- TOP PLAYERSOffensePABLO S. TORRE | August 20, 2012
- TAMPA BAY buccaneersENEMY lines WHAT A RIVAL COACH SAYSJune 28, 2012
- Faces in the CrowdJune 11, 2001
If Oregon and its underpublicized quarterback, Bill Musgrave, can beat Washington in Seattle on Oct. 13, the Ducks, who are 3-1, could be in line for their first Rose Bowl trip since 1958. Sure, they are 0-1 in the Pac-10 after a tough 22-17 loss to Arizona on Sept. 22, but they don't have to play Southern Cal, the preseason favorite to win the conference, and last week's 32-16 upset of Brigham Young, which went into the game ranked fourth in the nation, had to give them confidence. "We have a good team," said Oregon coach Rich Brooks afterward. "We can play with anybody in the country, and our players know that."
When the BYU players arrived in Eugene they found the Ducks in a foul mood. Following the Cougars' 62-34 win over San Diego State the week before, BYU tight end Chris Smith had said that the Cougars expected "to get more next week—definitely." That naturally didn't sit well with the Oregon defensive players, some of whom taped Smith's statement to their lockers. Yet no one expected the Ducks to go quackers the way they did. They threw BYU's running game into reverse, holding the Cougars to minus-47 yards on the ground. More important, while Brigham Young quarterback Ty Detmer, who had all but been awarded this year's Heisman Trophy, did throw for 442 yards and two touchdowns, Oregon intercepted five of his passes and sacked him five times. Cornerback Daryle Smith got three of the interceptions and broke up four other pass plays. "We mixed zone and man-to-man, and we brought pressure from the outside that he didn't expect," said Brooks.
After the Ducks led only 12-7 at intermission, Musgrave took charge in the second half, engineering three consecutive touchdown drives to open a 32-10 margin. Musgrave wound up completing 23 of 37 passes for 286 yards and three TDs. "You saw the supposed front-runner for the Heisman Trophy out there today," said Brooks. "Maybe Bill Musgrave should be the front-runner."
Better still, maybe everybody should just can the Heisman hype until at least Nov. 1.
ANOTHER CLOSE SHAVE
Colorado heads into Big Eight Conference play against Missouri this weekend with a 3-1-1 record, but every one of the Buffaloes' games has gone down to the wire. Coach Bill McCartney hopes that last Saturday's nerve-racking 20-14 win over Washington will be a victory on which his team can build. "Our kids are reaching deep," McCartney said after beating the Huskies. "It would have been very difficult for us to come back if we hadn't won this game."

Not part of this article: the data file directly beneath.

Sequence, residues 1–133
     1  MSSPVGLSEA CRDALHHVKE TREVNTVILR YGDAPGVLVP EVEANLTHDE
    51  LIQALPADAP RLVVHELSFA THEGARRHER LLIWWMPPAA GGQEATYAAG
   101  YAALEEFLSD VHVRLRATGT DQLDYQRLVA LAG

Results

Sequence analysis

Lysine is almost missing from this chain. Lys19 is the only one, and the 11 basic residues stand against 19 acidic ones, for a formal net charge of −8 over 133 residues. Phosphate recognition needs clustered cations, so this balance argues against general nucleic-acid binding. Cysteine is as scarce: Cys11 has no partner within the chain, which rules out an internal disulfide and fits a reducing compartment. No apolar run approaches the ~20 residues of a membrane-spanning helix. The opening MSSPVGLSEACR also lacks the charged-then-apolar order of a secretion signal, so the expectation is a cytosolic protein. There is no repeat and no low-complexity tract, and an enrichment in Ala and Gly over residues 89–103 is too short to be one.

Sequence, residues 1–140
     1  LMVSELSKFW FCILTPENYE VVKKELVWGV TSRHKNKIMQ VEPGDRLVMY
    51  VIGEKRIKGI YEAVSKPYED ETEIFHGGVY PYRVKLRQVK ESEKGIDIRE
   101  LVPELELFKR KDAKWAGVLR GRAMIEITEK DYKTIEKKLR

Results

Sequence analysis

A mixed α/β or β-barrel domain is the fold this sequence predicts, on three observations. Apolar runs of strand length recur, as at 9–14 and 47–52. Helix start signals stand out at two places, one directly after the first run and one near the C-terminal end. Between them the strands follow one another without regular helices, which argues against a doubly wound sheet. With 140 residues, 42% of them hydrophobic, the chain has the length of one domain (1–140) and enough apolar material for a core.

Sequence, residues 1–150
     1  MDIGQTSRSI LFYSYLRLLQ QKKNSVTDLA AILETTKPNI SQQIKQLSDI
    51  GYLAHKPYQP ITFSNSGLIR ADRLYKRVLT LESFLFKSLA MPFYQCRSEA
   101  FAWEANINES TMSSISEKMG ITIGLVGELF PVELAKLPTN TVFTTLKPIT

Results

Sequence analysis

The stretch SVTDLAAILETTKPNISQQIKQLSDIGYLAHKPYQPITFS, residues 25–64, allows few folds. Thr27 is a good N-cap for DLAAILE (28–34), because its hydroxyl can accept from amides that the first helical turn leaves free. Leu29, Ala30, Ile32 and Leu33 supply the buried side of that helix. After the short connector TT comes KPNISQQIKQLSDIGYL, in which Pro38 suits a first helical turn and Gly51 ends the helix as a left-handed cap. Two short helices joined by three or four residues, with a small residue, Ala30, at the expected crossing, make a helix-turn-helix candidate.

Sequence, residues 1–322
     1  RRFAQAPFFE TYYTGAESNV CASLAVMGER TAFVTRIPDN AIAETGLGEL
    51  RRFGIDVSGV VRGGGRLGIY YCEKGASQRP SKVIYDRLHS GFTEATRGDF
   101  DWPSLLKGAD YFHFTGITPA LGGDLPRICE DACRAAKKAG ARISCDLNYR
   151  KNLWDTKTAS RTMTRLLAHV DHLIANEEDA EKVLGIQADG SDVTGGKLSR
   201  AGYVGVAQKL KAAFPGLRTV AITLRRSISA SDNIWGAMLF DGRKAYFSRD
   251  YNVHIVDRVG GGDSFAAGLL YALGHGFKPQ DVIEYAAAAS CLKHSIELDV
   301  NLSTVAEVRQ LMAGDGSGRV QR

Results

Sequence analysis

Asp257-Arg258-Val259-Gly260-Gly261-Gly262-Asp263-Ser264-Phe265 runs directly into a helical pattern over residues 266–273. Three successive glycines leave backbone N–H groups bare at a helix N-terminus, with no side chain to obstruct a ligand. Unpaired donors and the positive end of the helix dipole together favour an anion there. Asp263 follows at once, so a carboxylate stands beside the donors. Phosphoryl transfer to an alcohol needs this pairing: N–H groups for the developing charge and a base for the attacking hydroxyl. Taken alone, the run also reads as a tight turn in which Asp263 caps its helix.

Washington came into the game with the nation's best defense against the run, but it yielded 183 yards on the ground to Colorado, with tailback Eric Bieniemy blasting his way to 143 yards on 29 carries. From McCartney's standpoint, however, the most heartening aspect of the win was the fact that the Buffaloes didn't let down in the final quarter. In both a 31-31 tie with Tennessee and a 23-22 loss to Illinois, Colorado had allowed victory to slip away by giving up late touchdowns. It looked as if the Buffaloes were going to do the same again last week, when Washington recovered a Bieniemy fumble on its own 23-yard line and drove to a first-and-goal at the Colorado seven with 1:37 to play. After failing on three pass attempts, Huskie quarterback Mark Brunell tried to find split end Mario Bailey in the end zone. However, cornerback Deon Figures outleaped Bailey to get his second interception of the game and seal the win.
"Nine times out of 10 a receiver can't outjump Deon for the ball," said Buffalo strong safety Tim James, who also made an interception. "When I saw the ball floating to Deon's side, I wasn't worried. Deon's got big-time hops."
A NEW TROJAN HORSE